"Next year [I see more] conductive and flexible materials and multi-material 3D printing, so things that open up new design possibilities. Secondly, the tools for design are not only getting easier with apps allowing people to create things like rings or coffee cups at the click of a mouse, but more free tools are now available, opening up a new market of 3D modellers. So many of the Shapeways community actually taught themselves to 3D model ... there's a lot of people out there who will be part of this explosion of creativity. Lastly, 2013 was the year we really proved there would be 'the 3D printing entrepreneur', so Shapeways' supporting low-capital intensive businesses in 2014 will really help this explode. And this doesn't just refer to 3D modellers but content publishers and people who have never been able to bring a physical product to market. We will see this really big growth of people who are growing their own business using the technology."
Carmy likened the explosion of 3D printing entrepreneurism to blogging, which has enabled so many people to write and to publish what they have written. Clearly some writers are better than others, but blogging has enabled many writers to make a name for themselves - and this current 3D printing wave could enable fresh talent to make itself known in the real world.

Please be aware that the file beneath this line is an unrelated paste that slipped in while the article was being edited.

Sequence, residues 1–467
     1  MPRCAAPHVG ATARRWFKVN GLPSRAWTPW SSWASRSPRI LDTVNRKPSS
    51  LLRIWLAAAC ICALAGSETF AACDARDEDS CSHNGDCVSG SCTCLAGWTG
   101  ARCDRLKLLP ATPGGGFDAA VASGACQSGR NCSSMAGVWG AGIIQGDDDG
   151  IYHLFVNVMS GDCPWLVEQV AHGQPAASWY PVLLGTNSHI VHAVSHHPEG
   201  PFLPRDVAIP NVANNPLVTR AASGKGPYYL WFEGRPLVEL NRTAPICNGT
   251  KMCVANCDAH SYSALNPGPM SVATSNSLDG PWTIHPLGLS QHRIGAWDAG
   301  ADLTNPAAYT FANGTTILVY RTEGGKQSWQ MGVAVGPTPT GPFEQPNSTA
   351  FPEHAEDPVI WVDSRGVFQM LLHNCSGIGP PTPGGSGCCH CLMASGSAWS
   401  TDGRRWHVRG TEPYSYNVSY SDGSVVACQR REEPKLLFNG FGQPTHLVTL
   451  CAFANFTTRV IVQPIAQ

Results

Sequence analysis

"The individual as a brand has taken off in content and I think it's the same with product as well," Carmy stated. "Give people tools and see what happens. One of our goals is really to bring to market the best 3D printing materials available also at the lowest cost so entrepreneurs can compete because it lowers the barriers to entry."
As little as 18 months ago Shapeways, and indeed the rest of the industry, had no idea what the 3D printing landscape would become by 2014. Carmy believes there has been a sea change in how the technology is perceived and the dialogue has evolved.
"Market awareness has changed and it was surprising how quickly that turned. When I first started [at Shapeways] the 'what is 3D printing' conversation meant I had to repeat myself over and over again, so that shift of understanding has been much quicker than I anticipated.
"The global nature of the trend is not just concentrated in urban environments with access to capital and high education - we have customers from all over the world because there this is such a prescient need [for this technology]. People are looking to find the perfect product for their hobby or home - this trend is really powerful."
So have Shapeways' goals shifted to accommodate 3D Printing 2.0, as it's been coined? It seems Shapeways' overarching mission statement has been prepared for what is happening in the industry all along.
"We're a platform that tries to help people unlock their creativity, whether it's working with 12-year-old designer or a big brand our goal has always been about bringing 3D printing to anybody."